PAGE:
A Biographical Sketch of Thomas Joseph Roulhac

By Maude Roulhac Jackson

The Roulhac Quarterly, Fall 1992, Vol. 1 Issue 8

 

Thomas Joseph Roulhac was born December 24, 1872, in the Orange Hill Community of Washington County, Florida. He was the son of Peter Warren Roulhac and Kate Roulhac.

 

Papa, as his children called him, was a very devout Christian. He served as a steward and Sunday School Superintendent in the African Methodist Episcopal Church, St. Joseph by name, and later St Joseph AME Church, which still stands. Many of his descendants are still members of this church.

 

Papa was a family man and believed in the full support of his family. He was married to Patience Goode. This marriage they were blessed with ten children, nine girls and one boy. It is interesting to note that all of the children became teachers. This, I believe, was influenced by the lives of their parents.

 

Papa was a self-educated man. A very brilliant man, he was sometimes asked where he obtained an education. His reply was “from Swamp University.” He was eager to learn and for that reason, he grasped every opportunity to upgrade his education as evidenced by the fact that after his children were grown he entered Florida A&M University (FAMC then) and received his high school diploma. It was amazing how he could solve difficult problems in algebra geometry, and even calculus better than most of the children who had degrees in mathematics.

 

Papa’s thirst for knowledge came at an early age. Actually, at the age of six, Papa broke his leg. Since his Aunt Stella had learned her ABC’s she would take him on her back to the field where she picked cotton. She would sit him under the shade while she worked.

 

One day she found an old catalog and gave it to Papa to look at the pictures. Instead of looking at the pictures, he got a glimpse of the words on the same page. Papa began to wonder what they were. When he asked Aunt Stella, she was able to teach him.  After learning the alphabet with the use of phonetics or sounds, he and Aunt Stella learned to read. By counting the number of rows, Aunt Stella hoed with his fingers Papa learned to add and subtract. Later in life he became a mathematician. He took the State Examination ( a license to teach) and earned a First Grade Certificate which was valid for life at that time.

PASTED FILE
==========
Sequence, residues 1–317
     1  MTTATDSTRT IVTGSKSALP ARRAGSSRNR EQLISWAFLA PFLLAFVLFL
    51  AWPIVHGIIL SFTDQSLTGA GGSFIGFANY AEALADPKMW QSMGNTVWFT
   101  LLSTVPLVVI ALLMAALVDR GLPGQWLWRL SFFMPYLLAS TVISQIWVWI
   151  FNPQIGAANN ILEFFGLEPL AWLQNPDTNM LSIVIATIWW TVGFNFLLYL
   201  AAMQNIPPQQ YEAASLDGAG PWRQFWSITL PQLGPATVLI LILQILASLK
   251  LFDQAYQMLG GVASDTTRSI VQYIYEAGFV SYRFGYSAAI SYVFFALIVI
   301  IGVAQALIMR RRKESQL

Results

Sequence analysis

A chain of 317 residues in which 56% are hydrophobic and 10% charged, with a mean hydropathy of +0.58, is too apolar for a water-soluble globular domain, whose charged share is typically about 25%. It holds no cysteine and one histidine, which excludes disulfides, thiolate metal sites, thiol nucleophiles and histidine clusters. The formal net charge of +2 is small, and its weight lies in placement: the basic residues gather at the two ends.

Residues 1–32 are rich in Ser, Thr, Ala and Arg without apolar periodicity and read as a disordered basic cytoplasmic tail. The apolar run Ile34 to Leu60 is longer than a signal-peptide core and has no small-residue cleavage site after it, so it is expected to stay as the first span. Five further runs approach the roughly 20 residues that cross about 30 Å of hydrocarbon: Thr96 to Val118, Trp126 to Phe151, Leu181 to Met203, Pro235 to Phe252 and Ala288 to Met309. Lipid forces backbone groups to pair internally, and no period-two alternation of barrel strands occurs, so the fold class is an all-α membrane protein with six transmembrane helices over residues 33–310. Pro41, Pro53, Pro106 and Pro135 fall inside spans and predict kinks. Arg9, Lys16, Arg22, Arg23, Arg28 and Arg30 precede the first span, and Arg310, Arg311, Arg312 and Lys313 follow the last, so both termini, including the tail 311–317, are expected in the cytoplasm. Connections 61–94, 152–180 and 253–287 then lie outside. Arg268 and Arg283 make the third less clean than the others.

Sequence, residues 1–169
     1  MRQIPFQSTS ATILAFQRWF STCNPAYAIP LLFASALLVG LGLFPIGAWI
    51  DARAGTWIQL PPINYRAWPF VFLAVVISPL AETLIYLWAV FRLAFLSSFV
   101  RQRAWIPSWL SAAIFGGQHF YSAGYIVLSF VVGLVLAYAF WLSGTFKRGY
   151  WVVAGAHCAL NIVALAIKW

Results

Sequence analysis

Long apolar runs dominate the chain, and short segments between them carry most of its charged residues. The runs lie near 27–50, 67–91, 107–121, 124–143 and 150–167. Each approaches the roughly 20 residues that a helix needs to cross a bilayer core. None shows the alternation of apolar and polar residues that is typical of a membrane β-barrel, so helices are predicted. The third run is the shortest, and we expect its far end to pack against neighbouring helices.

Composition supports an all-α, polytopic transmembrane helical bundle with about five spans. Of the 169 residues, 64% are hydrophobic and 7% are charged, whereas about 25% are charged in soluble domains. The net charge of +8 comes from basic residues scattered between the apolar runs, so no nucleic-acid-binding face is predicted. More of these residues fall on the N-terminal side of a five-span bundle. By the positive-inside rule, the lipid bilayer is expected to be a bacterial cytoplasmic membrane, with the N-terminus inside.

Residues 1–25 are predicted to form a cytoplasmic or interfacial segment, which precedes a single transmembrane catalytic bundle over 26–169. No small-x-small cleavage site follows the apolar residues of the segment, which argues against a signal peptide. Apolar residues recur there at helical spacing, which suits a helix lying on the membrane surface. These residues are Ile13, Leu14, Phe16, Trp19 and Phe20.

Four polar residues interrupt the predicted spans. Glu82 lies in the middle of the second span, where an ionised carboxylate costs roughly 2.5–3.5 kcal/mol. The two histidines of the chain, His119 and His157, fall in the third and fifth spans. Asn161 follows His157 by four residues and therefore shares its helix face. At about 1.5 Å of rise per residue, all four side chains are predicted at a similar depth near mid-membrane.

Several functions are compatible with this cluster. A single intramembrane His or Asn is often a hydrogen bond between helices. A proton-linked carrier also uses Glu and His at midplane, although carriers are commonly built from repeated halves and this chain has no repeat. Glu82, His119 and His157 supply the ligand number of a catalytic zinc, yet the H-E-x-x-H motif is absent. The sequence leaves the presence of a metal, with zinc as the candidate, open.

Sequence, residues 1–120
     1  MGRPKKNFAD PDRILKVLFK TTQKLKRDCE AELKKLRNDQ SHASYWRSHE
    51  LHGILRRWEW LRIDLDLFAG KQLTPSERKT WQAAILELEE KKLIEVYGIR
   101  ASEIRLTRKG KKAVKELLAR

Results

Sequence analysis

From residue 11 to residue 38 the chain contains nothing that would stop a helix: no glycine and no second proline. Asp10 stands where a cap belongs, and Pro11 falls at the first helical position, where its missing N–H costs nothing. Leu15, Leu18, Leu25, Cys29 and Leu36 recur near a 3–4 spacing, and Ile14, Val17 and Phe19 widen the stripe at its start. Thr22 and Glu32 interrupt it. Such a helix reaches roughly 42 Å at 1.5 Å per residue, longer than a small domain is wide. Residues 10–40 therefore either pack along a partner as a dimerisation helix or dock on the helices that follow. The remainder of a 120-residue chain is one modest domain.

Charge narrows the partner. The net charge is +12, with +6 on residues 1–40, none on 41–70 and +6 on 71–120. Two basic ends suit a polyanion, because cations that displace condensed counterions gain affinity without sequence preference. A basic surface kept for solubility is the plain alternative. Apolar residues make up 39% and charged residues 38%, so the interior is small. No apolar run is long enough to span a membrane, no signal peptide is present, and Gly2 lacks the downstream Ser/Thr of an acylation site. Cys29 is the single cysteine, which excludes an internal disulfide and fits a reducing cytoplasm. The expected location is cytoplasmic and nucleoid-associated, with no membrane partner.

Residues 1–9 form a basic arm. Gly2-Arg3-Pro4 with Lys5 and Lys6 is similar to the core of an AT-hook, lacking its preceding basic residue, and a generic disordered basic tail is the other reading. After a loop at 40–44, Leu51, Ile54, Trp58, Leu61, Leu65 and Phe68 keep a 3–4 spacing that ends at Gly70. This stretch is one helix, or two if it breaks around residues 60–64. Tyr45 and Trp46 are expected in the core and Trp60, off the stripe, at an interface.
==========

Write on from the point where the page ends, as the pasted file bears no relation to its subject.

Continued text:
In July 1913, Papa was contracted to supervise the Negro Schools of Washington County under the direction of W.T. Horne. He earned $40.00 per month from the Anna T. Jeans Funds managed by Dr. J.H. Dillard of New Orleans and $20.00 from the Board of Public instruction, Washington County, Florida.

 

Papa taught school in several small schools in Northwest Florida. His last years were spent in the black high school of which he was instrumental in founding. It happened like this. When Papa’s two youngest daughters, Anne and Maude, finished the eighth grade, they were not permitted to enroll in Chipley High School because they were black. Even though the county assisted financially in their attending high school in Tallahassee Papa was concerned about all black boys and girls education.  Therefore, he vowed that he would not stop working until a black high school was erected in Washington County for black boys and girls. Papa worked hard traveling both day and night across Washington County seeking to realize his dream.

 

In 1928, his dream was realized and he became principle of the school housed in the old AME Church. The school was subsequently named Roulhac High School . . . Later, when segregation was declared illegal, the Roulhac High School merged with Chipley High School.  The middle school still carries the name Roulhac Middle School.

 

Papa was a good man – a perfect gentleman. Although he died on November 11, 1941, he still lives in the lives of his descendants as well as in the lives of legions that he touched through his teachings.

 

[Editor’s note: See TRQ, Fall1991, Vol 1, Issue. 4 for 1870 an 1880 census information for Thomas Joseph, his siblings and parents, Warren and Kate Roulhac.]


The former Roulhac High School is located on Pecan Street in Chipley (Washington County). The school was named to honor Thomas Joseph Roulhac who in 1930 was instrumental in convincing the County to open Chipley Colored School, a high school for black children who had been excluded from white schools. The school now serves as the T.J. Roulhac Enrichment and Cultural Center, a non-profit community service organization working to meet the health and human service needs of men, women, and children of all ethnicities.  The Roulhac name is further perpetuated in Chipley at the Roulhac Middle School on Brickyard Road.

T.J. Roulhac Enrichment and Cultural Center website: http://tjroulhacenrichmentandactivitycenter.com/

Roulhac Middle School Website: http://rms.paec.org/

 

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